Happy May Day to you!
White-flowered shrub with dark purple leaves was next to a lime green hedge at the Marriott – very striking!
From Wikipedia: “Lei Day is a statewide celebration in all of Hawaii. The celebration begins in the morning of May first every year and continues throughout the entire day and even continues onto the next day. Lei day was established as a holiday in the year of 1929 and continues to this day. Each Hawaiian island has a different type of lei that is used for the celebration and for its people to wear.”
|Photo credit: http://www.okclipart.com/Maile-Lei-Clip-Art30susccuzj/|
That’s pretty accurate. I think the lei for Kauai is maile, which is a sweet-smelling vine that grows in the forest. We get it on special occasions, like our wedding or to honor a special teacher. Schools typically have May Day celebrations with hula and song. The private school I used to work for would prepare for about 3 months in advance and each grade performed a hula or song in full costume.
On Kauai, Lei Day is put on by the Kauai Museum and is a lei-making competition. It’s been more or less fun over the years. Last year was kind of bogus because they put the lei on silent auction and folks were taking them as they won, so many were missing by the time we got there. This year the leis could not be taken until 4 p.m.
This year the museum courtyard is under construction, so they held it over at the Marriott. WOW! So much better all around. The Marriott has wide open spaces, great organization, a fabulous garden, and welcoming staff. They also have an outstanding collection of oriental art and sculpture.
We used to hold final class dinners at the Princeville Hotel in its baroque days and one of the German ladies got sniffy about how decadent and bourgeois it was. (And it definitely was! but it was pretty funny because we were all lapping it up.) The Marriott is completely decadent and bourgeois and I truly enjoy going there.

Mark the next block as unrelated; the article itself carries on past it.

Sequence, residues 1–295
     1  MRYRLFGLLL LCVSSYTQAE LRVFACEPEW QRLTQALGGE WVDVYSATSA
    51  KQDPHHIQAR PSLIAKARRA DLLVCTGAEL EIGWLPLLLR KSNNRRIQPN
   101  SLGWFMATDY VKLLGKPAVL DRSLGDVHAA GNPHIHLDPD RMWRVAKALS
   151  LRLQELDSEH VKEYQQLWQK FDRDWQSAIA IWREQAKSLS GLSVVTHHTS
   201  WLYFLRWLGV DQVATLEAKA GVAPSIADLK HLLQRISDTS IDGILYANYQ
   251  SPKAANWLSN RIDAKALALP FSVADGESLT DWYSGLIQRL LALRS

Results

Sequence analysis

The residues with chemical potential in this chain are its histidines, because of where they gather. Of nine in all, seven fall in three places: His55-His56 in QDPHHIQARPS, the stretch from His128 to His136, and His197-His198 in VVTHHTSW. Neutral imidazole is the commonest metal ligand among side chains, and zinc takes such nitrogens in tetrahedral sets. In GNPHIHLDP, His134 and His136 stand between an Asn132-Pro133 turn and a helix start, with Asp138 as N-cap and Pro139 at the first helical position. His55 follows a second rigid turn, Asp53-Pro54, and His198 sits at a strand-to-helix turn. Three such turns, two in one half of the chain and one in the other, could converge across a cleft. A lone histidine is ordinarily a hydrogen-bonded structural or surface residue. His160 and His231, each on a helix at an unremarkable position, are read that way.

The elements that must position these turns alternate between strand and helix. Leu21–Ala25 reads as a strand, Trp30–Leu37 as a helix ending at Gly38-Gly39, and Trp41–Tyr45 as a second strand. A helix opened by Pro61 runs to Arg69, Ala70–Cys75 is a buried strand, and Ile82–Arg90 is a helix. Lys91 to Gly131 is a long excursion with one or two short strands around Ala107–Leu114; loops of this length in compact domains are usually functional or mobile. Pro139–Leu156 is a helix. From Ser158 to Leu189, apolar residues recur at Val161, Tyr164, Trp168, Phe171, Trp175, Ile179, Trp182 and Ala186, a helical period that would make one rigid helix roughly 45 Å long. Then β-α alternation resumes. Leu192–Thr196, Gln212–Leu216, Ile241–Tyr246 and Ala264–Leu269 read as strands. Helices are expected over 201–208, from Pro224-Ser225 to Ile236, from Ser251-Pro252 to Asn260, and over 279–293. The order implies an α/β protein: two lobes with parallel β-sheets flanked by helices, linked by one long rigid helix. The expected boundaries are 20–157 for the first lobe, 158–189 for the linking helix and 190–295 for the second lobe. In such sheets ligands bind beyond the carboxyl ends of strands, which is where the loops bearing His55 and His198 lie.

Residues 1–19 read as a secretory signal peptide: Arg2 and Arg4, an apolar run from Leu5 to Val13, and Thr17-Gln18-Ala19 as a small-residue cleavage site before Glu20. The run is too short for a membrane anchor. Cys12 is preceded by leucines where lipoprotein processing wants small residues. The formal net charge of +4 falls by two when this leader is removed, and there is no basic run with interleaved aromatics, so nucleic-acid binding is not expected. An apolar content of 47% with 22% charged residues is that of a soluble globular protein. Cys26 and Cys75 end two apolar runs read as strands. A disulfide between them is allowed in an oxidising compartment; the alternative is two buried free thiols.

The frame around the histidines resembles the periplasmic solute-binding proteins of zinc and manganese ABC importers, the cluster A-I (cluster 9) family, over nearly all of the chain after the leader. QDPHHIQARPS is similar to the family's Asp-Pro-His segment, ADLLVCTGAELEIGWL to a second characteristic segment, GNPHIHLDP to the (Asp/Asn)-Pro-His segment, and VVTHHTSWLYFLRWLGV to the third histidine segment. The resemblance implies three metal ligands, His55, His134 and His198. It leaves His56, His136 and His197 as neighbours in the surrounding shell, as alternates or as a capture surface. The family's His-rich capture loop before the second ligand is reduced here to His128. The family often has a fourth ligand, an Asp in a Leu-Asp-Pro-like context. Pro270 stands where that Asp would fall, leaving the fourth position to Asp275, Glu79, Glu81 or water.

In general, the judges tend to favor these fluffy multi-flower lei.
My friend Jennifer Pomroy is the granddaughter of Irmalee Pomroy, a noted floral designer and lei maker here on Kauai (now passed). Her son Ka’ohu won an award for this distinctively different lei. He is 15 now. This hala seed lei is rarely seen or worn – usually associated with funerals, but occasionally used as an adornment for hula.
Hat lei are a special category of their own.
Ti leaf lei – the one at the top is a very old type – instead of narrow pieces of leaf woven or tied together, it had larger end pieces of the leaves, bound on raffia. I was very taken with that one.
White. The pikake buds in the bottom lei were smaller than my little fingernail and it was a solid round cord lei. They smelled divine.
I was really taken with this one, because it was so different from the others. Made from the calyx (calyxes?) of gardenias, very fluffy.
Many people got dressed up and were wearing flowers. These ladies and their lei were so pretty, I asked them if I could take their picture. The lei were all made by Sandy Takaezu, the lady on the left. They are blue jade flowers from her property in the Wailua Homesteads. The part that looks like a purple-blue bead is the calyx of the individual flower. These are needle sewn.
Matt always sneaks in a picture or two of me. I was neither dressed up nor wearing flowers, but at least I was clean. This is a characteristic pose of mine, with my handbag safely tucked under my arm. The oriental painting in the background is at least 10 feet tall, stunning.